Posted by: Lisa Pampuch | November 14, 2006

Dog adoption illustrates gerrymandered district

It’s a cockapoo!

Sparky

Our final choice of a dog to adopt was a difficult one – we narrowed the field to two excellent canine candidates – but in the end we adopted a 3-year-old cockapoo named Sparky from a family in Tracy that didn’t have room for him any more.

He’s a wonderful, affectionate, obedient, adorable, quiet dog – until we leave him home alone. Then his separation anxiety surfaces and he whines and barks and breaks our hearts.

He’s been with us less than a week – and that time has been stressful to him, no doubt. When I consider that he was taken from the only home he’s ever known, neutered and placed in a new home with – can you believe it – not one but two cats, I really can’t blame Sparky for being fearful when we leave.

So, we’re working on building trust so that Sparky will believe that we’re coming back. My sister-in-law suggested trying a Kong toy with a snack inside that he only gets when he’s being left alone at home in his crate, and that seems to have helped calm him a bit. We’re slowly increasing the time we leave him home alone. I work from home, so I’m generally around, but I do have to leave occasionally for meetings, doctor appointments and errands.

Our odyssey of adopting Sparky involved two trips to Tracy – one trip to meet him and another trip to pick him up. The first trip was the Sunday before the election, and the second trip was on election day.

Those trips took me on a 90-mile each-way journey in and out of California’s 11th congressional district. Even though Sparky moved across 90 miles, three counties and likely a dozen towns and cities when we adopted him, he’s still a constituent of the 11th congressional district.

While I was heartened that I didn’t see a single Pombo sign and did see several McNerney signs on my two journeys through the East Bay arm of the 11th district, I was once again reminded that California’s redistricting system is a mess.

Angry about Gov. Arnold Schwarzenegger’s decision to hold costly special elections, in 2005 Californians rejected Proposition 77, a sensible redistricting reform initiative.

That’s too bad, because as much as I dislike the proposition process in general, redistricting reform is the ideal problem to be solved by proposition.

Instead of having state legislators redraw districts after each census, as they currently do, creating districts that protect incumbents instead of protecting constituents, Prop. 77 would have had a panel of three retired judges draw the districts. It’s a system that’s working well in several other states.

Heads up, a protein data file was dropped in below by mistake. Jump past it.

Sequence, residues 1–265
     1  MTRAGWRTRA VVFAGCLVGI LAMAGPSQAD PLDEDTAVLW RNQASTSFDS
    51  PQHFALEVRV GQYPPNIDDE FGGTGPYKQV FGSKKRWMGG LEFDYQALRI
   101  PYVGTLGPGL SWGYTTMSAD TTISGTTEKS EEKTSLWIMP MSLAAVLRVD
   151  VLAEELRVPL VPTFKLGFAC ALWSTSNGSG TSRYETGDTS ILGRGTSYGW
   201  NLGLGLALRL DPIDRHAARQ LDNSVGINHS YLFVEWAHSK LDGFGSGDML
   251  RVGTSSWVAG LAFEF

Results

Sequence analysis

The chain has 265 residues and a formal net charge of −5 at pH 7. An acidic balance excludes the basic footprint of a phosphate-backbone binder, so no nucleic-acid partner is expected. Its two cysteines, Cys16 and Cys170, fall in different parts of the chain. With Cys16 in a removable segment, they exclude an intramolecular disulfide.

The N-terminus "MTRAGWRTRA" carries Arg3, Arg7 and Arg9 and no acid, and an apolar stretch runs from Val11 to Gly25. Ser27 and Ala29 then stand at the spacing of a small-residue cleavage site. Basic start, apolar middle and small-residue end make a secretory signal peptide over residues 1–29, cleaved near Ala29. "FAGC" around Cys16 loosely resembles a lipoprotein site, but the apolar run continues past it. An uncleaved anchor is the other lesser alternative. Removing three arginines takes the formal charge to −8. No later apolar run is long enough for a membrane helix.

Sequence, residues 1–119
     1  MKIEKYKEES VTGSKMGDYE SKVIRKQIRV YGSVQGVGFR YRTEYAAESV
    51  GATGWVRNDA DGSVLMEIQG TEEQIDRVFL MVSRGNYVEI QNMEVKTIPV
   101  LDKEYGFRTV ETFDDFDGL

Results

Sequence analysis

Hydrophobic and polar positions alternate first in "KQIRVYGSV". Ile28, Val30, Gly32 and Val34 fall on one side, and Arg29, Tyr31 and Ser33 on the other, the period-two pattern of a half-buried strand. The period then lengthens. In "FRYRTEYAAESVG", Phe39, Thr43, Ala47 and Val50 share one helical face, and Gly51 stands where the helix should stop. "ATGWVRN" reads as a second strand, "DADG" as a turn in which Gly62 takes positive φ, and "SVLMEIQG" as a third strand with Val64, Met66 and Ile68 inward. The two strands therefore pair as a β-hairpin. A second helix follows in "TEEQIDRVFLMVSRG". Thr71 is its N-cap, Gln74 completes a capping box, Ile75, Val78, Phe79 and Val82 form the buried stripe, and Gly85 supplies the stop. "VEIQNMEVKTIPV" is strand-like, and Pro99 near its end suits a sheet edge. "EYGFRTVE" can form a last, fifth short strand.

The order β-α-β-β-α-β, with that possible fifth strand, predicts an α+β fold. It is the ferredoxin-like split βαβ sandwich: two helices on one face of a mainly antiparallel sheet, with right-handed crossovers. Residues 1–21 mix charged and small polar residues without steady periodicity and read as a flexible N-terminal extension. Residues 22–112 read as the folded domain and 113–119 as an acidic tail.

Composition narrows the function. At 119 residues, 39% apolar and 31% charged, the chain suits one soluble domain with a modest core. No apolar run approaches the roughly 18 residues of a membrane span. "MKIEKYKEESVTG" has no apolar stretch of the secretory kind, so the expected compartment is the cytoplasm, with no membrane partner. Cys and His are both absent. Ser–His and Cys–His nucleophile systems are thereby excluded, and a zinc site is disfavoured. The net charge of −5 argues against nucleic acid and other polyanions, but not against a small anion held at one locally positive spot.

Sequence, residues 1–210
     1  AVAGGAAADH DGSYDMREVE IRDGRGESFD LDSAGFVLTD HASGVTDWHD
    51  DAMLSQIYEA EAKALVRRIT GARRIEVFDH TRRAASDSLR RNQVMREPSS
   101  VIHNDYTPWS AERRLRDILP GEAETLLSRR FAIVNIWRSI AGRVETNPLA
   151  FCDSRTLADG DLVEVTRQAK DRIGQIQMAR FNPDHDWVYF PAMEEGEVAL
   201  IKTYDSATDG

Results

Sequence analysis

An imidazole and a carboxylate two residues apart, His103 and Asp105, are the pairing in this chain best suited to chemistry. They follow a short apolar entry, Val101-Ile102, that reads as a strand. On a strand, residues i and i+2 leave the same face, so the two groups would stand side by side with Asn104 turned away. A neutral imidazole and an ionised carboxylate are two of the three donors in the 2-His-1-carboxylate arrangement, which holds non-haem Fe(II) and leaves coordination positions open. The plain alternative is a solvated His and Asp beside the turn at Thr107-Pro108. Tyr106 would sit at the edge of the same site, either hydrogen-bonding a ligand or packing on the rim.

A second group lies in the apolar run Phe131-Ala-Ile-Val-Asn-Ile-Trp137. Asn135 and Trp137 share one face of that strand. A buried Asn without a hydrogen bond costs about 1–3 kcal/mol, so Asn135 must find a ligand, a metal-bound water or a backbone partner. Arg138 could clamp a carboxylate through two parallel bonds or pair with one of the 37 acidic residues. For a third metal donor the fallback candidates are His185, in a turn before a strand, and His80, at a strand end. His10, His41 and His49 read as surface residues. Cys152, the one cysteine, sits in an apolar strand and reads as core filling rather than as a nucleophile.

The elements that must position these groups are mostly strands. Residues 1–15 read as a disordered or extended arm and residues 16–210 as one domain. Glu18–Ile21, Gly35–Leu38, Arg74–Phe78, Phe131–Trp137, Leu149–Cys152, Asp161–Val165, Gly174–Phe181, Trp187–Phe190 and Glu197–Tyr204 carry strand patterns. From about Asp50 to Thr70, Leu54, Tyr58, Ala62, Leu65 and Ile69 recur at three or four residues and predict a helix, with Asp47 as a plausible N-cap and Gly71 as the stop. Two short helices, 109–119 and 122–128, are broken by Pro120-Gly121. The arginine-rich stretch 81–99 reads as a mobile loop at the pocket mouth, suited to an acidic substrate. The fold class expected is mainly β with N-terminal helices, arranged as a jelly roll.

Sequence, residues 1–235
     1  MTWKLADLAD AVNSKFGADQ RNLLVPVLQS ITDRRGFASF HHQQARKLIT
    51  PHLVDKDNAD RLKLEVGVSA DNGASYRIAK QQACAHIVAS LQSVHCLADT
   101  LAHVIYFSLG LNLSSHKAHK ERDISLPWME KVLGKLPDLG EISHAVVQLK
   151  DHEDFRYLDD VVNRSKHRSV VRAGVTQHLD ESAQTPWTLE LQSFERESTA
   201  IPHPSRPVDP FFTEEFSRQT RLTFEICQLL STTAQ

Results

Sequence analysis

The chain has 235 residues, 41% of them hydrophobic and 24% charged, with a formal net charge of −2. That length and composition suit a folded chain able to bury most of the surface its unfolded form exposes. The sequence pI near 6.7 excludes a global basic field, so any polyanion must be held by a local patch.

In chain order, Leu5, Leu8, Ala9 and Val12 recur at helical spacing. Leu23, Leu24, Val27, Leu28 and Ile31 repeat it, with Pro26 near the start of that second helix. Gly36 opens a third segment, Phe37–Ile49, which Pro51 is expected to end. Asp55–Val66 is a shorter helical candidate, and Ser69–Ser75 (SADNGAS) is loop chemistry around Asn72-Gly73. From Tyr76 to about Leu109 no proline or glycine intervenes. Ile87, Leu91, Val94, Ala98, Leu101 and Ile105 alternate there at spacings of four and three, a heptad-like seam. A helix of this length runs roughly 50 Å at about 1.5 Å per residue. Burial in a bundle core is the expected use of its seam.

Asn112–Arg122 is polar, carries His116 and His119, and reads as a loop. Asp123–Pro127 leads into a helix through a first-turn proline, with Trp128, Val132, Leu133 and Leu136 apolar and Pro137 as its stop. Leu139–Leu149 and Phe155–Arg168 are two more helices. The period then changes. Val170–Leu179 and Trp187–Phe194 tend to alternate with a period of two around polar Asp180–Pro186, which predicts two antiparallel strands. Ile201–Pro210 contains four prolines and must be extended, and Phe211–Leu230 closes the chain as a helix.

Now, perhaps buoyed by his landslide win and renewed popularity, Schwarzenegger is renewing his call for redistricting reform.

“Every one of the (legislative) leaders said to me that we’ve got to continue working on [redistricting reform]. Every one of them mentioned to me, let’s get going again in January about redistricting,” the Associated Press quoted Schwarzenegger as saying last week.

While I wish Schwarzenegger well, I have to believe that legislators don’t want to give up the cushy current system that protects their jobs and their political parties. Talk is cheap. Let’s see what those legislators actually do.

California’s system is so broken that it’s rare for a state or congressional legislative seat to change hands. In fact, the Los Angeles Times reported that in last week’s election, “a third of legislative candidates won their races with 70 percent or more of the vote.” (Nov. 9, 2006)

With seats that ridiculously safe, legislators don’t have to be responsive to constituents, in large part because they don’t have to compete in tough races against viable candidates.

With legislators drawing the maps, we have a system where legislators choose their voters so that voters have a difficult time choosing different legislators.

I’m glad Gov. Schwarzenegger is going to spend some of his post-election political capital on pushing redistricting reform. If he succeeds, it might be his most important legacy.

Because it shouldn’t take a perfect storm of radical environmental proposals, lingering questions about corruption and unflinching support for an unpopular and ill-advised war and for compromising civil liberties to unseat a congressman like Richard Pombo. Really, shouldn’t any one of those be enough?

And a dog that moves 90 miles, three counties and a dozen towns and cities ought to have a new congressman because of geography, not because he moved on the 11th district’s perfect storm election day.

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Responses

  1. […] what I wrote in 2006: “California’s system is so broken that it’s rare for a state or congressional […]


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